Jim Ross (Photo by MShake3)
Think of your favorite pro wrestling moments. How different would they be with other announcers swapped out for someone else, even if it was someone equally as good? Is Steve Austin's first WWF Championship win the same without Jim Ross screaming "AUSTIN'S THE CHAMPION! STONE COLD! STONE COLD!"? What about Goldberg beating Hulk Hogan without Bobby Heenan screaming "DO IT! DO IT!"
Announcers are an incredibly important part of the pro wrestling presentation. It's not surprising that Vince McMahon would micromanage his announcers to execute his vision.
A few notes before we get started:
- I know there are some awesome wrestling announcers that don't speak English, like Dr. Alfonso Morales in Mexico, but they're not listed here for what should be obvious reasons.
- This covers both play-by-play announcers and color commentators for their work in the booth as well as conducting interviews. Basically anyone but ring announcers, so no Howard Finkel, who only did commentary a few times.
- I get that many people will always love the announcers they grew up with, but some of them weren't very good. Most fans that grew up with Ed Whalen in Calgary love him. Everyone who saw Stampede tapes after the fact sees him as a terrible announcer who thought he was more important than the wrestlers and would kill the heels' heat. There are no Ed Whalen types on this list.
With that out of the way, let's start the countdown...
Nowadays, Announcer Vince is mostly remembered now for the Hulkamania era, where he was the powder blue suits who laughed uproariously at dancing hillbillies. As a straight-up pro wrestling announcer, he was actually pretty awesome, though.
If they can pull off the announcing part decently enough, bookers can be some of the best wrestling announcers. They know exactly what details they want explained and how to get them over. To be honest, Vince never stopped being good at that, he just stopped fitting in with the modern product and seemed befuddled by innovative moves.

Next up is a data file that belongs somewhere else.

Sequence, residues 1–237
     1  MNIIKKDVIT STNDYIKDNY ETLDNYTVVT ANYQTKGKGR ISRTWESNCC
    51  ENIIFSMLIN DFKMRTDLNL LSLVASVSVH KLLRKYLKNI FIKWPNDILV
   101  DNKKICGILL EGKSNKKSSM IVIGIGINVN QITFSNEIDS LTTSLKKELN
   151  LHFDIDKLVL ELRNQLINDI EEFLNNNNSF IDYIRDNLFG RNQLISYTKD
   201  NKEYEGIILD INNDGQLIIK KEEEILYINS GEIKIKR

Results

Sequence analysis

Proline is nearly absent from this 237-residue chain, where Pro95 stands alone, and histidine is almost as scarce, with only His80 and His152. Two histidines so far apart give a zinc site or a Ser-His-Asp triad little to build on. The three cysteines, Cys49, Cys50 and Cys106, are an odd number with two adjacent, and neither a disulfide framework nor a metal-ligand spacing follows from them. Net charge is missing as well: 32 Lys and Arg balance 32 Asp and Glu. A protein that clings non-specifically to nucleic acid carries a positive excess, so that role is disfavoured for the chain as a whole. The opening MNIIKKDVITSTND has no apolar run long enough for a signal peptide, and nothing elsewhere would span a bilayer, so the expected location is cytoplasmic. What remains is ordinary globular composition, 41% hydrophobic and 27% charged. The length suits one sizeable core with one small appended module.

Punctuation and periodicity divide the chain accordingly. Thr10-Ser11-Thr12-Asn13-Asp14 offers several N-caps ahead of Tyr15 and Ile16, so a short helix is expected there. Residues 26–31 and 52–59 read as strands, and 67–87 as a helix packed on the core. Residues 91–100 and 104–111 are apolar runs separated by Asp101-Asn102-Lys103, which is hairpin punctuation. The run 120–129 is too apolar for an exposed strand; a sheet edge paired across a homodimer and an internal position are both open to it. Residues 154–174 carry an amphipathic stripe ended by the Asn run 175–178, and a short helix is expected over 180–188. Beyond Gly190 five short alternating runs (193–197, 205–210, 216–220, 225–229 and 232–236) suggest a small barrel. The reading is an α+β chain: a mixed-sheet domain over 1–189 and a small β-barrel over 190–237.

The above clip is my personal favorite Announcer Vince moment. The sheer indignation in his voice as he describes the heels' actions is amazing.
David Crockett was not as technically good as most of the announcers on this list, but he was much more solid than he gets credit for at calling a match. Like Vince McMahon, he excelled at getting angles over with indigence for the heels and enthusiasm for the babyfaces.
Take the above clip: Babyface Magnum T.A. basically sexually assaults heel valet Baby Doll and David Crockett does an amazing job of trying to convince us how awesome it is. "SHE LIKES IT!"
A great manager with a sharp wit who also happened to be an encyclopedia of wrestling history, Jim Cornette transitioned seamlessly into color commentary, which he started doing full time in WCW in 1989. Much of his announcing career in WCW, the WWF and OVW coincided with him being involved in the creative end of the companies, so like with Vince McMahon, he had a good vision of what needed to be put over.
The above example is from 1990. With WCW running a Clash of the Champions TV special in Corpus Christi, Texas, Mil Mascaras was brought in to help draw Hispanic fans. Being fed to him was a young Mick Foley, then prelim wrestler Cactus Jack Manson. Foley was worried that the match would be bad, so he took a crazy bump that he'd never used on TV before. Cue Cornette's call:
"CACTUS JACK IS DEAD! HE'S DONE IT THIS TIME!"
When I think of what made Marc Lowrance a great announcer, one word always comes to mind: Gravitas.
With a great voice and a serious but friendly demeanor, Lowrance was well-suited to anchor the wild Texas wrestling going on around him. Who else could yell, "AND THERE GOES KEVIN INTO THE ORCHESTRA PIT!" in the middle of a Freebirds-Von Erichs brawl (which unfortunately isn't online) and not sound goofy?